The bigger challenge is to rally everyone else on campus around the concept. To do that, Inkley is on a campus-wide tour, sitting down with deans, department  heads, directors, faculty members and staff to explain the benefits of shared services.

Faculty and staff alike will appreciate all the work that’s gone into reducing the complexity of common business processes, he says. Since last summer, cross-functional teams of finance and HR experts have been digging into dozens of processes, looking for ways to automate, streamline, simplify and standardize transactions. Although the work is far from done, Inkley is satisfied with the progress so far.

“Thanks to this massive volunteer effort, we’re making excellent progress in identifying and eliminating what we call pain points—unnecessary steps that slow things down without adding any real value,” he says.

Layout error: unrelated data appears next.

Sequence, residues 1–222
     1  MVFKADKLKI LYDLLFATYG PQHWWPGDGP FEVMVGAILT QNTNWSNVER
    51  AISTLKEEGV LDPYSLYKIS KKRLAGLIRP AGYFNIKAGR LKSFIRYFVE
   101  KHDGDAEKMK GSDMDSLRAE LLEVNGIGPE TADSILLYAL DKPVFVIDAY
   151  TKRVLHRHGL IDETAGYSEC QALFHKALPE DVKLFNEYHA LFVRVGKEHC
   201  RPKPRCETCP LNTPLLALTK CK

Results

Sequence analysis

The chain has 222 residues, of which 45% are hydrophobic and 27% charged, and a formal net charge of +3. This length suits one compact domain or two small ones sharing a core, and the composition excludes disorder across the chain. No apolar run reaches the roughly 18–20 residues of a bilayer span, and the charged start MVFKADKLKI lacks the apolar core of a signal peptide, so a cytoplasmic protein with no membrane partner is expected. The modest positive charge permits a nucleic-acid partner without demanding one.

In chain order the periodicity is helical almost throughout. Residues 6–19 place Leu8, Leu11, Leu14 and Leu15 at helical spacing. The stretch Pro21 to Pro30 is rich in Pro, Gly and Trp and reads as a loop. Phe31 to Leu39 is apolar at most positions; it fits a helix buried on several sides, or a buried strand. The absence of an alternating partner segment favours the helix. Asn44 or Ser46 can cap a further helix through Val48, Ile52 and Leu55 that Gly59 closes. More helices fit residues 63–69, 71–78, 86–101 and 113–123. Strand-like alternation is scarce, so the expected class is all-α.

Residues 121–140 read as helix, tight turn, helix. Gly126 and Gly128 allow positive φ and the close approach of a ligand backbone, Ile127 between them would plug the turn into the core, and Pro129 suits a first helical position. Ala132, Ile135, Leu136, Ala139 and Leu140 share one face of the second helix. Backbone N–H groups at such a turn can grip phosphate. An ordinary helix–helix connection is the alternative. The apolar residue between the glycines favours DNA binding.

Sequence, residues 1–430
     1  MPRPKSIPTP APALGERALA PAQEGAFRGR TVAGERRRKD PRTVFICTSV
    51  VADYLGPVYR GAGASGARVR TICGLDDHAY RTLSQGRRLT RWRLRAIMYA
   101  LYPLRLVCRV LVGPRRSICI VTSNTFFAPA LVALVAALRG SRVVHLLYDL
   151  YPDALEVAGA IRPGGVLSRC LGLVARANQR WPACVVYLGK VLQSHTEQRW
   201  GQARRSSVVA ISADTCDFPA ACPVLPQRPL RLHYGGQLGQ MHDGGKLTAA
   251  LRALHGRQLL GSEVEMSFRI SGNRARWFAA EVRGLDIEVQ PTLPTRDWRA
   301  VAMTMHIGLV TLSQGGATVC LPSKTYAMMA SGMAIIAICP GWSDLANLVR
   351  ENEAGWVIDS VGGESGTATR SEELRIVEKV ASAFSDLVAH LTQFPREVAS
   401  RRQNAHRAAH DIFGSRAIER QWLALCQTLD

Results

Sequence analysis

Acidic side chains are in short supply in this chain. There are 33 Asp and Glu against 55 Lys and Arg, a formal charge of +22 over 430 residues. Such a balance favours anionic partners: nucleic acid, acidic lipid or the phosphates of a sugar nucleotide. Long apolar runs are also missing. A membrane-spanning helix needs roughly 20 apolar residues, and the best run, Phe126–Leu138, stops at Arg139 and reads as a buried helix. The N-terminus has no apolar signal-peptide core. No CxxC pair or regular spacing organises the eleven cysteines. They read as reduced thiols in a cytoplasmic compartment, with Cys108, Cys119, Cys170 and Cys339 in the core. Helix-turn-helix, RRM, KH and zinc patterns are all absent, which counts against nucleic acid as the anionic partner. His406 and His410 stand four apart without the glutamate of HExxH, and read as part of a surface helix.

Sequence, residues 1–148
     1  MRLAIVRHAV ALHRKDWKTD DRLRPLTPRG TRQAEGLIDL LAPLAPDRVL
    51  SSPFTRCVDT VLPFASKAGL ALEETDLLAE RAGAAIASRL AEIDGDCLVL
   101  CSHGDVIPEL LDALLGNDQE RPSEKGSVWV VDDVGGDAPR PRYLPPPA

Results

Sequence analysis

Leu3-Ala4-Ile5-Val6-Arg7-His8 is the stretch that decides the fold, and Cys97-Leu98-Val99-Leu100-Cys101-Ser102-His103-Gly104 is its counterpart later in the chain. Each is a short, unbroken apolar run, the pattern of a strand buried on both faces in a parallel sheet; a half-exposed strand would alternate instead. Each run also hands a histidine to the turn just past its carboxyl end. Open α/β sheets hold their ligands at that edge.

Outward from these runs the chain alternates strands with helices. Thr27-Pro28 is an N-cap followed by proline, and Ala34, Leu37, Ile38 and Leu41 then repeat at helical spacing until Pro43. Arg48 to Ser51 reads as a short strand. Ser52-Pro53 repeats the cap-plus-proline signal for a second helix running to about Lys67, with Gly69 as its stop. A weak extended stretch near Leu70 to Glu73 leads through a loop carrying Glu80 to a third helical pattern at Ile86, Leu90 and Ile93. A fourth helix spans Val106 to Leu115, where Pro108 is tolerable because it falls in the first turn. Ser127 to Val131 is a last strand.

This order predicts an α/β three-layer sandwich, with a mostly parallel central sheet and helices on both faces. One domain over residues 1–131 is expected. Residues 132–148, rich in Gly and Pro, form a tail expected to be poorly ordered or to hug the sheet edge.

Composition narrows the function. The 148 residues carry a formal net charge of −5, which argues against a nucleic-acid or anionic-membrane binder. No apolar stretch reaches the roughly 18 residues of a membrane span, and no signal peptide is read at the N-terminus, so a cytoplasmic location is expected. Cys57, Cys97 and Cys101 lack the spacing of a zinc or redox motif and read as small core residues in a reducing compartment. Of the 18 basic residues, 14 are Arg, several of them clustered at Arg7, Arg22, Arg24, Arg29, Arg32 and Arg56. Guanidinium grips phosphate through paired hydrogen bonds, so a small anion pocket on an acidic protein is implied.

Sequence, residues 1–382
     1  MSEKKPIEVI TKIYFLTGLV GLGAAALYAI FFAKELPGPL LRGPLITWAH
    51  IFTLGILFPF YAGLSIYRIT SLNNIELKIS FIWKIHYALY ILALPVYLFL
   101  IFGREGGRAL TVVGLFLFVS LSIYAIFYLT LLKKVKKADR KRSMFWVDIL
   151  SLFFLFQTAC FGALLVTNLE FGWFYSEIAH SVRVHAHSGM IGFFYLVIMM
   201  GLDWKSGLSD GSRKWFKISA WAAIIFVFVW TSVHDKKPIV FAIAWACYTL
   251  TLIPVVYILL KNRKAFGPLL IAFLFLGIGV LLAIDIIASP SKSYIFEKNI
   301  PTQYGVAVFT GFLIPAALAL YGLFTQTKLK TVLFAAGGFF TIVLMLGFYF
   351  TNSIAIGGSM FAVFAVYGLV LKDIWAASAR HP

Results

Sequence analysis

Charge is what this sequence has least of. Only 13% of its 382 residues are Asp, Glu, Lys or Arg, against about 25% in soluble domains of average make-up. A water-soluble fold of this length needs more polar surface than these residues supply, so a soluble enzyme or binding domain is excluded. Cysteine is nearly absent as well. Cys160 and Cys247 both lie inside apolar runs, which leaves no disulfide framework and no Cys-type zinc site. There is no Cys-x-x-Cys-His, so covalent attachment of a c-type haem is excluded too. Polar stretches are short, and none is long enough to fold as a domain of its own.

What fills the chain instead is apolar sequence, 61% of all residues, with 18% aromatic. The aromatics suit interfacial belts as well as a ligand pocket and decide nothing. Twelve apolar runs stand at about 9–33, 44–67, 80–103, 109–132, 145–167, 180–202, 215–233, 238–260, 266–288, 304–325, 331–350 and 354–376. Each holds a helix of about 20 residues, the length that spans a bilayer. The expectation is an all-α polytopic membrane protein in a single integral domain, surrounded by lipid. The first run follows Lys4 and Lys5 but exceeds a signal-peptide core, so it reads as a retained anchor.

For example, a review found that the travel authorization process varies widely across the university, involving as many as 129 separate “touch points.” A new standardized process will eliminate more than three-quarters of these steps.

Easing the Burden

Inkley is quick  to make the point to deans, department heads and faculty members that NC State is undertaking this enormously complex realignment effort primarily for them.

Task force meeting.

Finance and HR experts from across campus are working to streamline business processes.

“To be honest, we’re not doing this because people are unhappy with the quality of business services on campus,” he says. “But the status quo simply isn’t sustainable. Budget cuts have already reduced the number of employees working in finance and HR. Unless we act now and find ways to do more with less, we’re likely to face a real crisis in the coming years.”